RUMORS OF NEW “REAL ESTATE TAX” CONTAIN ONLY A GRAIN OF TRUTH
The Facts about Medicare Contribution Tax on Unearned Income and the “Home Sale” Exclusion
There has been a great deal of misunderstanding and misinformation circulating with regards to elements of the health care reform legislation passed in 2010. In particular, there has been a rash of internet stories and chain emails purporting that the legislation includes a 3.8% “real estate tax” that would apply to the sale of a principal residence. Although there have been no changes to the rules for excluding a substantial amount of the gain on the sale of a principal residence, the act does include tax on net investment income that can apply to the taxable portion of a home sale for some taxpayers.
Beginning in 2013, taxpayers with modified adjusted gross income (MAGI) in excess of $200,000, $250,000 for married taxpayers filing jointly, will be subject to a 3.8% tax on the lesser of their “net investment income” or the amount by which their MAGI exceeds the threshold amount. Net gain from the disposition of property not held as part of an active trade or business is included in determining “net investment income” along with interest, dividends, annuities, royalties and rents.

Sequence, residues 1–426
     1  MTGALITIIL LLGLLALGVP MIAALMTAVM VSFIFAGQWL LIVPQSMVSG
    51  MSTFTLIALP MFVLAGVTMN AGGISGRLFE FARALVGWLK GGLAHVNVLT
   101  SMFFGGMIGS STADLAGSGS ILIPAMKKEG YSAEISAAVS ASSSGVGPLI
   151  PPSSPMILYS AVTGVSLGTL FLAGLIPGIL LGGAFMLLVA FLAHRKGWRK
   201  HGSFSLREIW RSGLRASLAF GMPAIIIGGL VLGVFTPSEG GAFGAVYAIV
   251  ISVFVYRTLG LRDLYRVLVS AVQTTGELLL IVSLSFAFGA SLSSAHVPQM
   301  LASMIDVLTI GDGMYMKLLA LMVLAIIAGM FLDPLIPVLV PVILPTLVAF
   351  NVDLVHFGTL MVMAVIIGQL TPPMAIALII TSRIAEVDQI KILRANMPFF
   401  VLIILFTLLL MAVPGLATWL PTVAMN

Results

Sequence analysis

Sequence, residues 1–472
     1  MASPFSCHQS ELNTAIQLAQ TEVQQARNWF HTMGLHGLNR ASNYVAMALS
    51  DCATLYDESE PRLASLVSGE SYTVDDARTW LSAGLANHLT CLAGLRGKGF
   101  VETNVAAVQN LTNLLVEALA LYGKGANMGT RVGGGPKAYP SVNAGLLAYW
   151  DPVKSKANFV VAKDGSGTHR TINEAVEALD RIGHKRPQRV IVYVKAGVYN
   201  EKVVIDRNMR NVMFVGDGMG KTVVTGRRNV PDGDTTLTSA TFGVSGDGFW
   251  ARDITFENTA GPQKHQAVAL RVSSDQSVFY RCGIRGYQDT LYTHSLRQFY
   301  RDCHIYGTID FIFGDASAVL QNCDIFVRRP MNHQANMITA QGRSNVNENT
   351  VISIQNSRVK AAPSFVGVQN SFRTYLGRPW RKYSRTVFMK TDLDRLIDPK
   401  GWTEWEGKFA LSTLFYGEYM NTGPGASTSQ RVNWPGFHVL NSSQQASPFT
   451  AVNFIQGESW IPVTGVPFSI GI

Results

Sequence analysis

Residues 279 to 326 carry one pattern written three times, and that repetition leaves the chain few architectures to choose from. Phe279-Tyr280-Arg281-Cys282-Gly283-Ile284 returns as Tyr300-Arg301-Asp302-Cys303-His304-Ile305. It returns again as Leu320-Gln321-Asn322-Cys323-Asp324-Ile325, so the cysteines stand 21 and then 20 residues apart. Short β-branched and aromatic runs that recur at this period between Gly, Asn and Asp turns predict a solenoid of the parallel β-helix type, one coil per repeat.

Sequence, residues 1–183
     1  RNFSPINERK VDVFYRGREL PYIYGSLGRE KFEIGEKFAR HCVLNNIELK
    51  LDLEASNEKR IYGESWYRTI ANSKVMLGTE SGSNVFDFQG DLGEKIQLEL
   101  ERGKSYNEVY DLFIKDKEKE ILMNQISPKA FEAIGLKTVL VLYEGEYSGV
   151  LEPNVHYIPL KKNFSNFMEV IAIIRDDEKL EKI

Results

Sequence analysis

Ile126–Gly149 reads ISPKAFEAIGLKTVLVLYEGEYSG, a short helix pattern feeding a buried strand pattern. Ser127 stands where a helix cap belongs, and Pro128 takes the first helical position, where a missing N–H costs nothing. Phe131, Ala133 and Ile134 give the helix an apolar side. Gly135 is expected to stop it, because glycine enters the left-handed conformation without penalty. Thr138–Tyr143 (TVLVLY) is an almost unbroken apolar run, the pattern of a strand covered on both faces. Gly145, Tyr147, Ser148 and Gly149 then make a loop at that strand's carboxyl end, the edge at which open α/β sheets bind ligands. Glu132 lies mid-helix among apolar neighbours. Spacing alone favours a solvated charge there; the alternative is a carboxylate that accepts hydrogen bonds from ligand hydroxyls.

However, for most taxpayers the gain on the sale of their principal residence will be partially or fully excluded from income tax and as such, not includable in determining net investment income for the purposes of the Medicare contribution tax. Gain on the sale of a principal residence is only taxable to the extent that the gain exceeds $250,000 or $500,000 for married taxpayers filing a joint return. A recent Journal of Accountancy Article included this excellent example of how the Medicare contribution tax may apply to a typical home sale scenario.
A married couple with MAGI of $325,000 purchased a home in California many years ago for $350,000 and sold it this year for $900,000, realizing a gain of $550,000. After excluding $500,000 gain under Sec. 121, they are left with $50,000 investment income (assume they have no other investment income). Since their AGI is $75,000 over the tax’s threshold amount for married taxpayers filing jointly, the lesser amount of $50,000 would be subject to taxation. At 3.8% they would owe $1,900.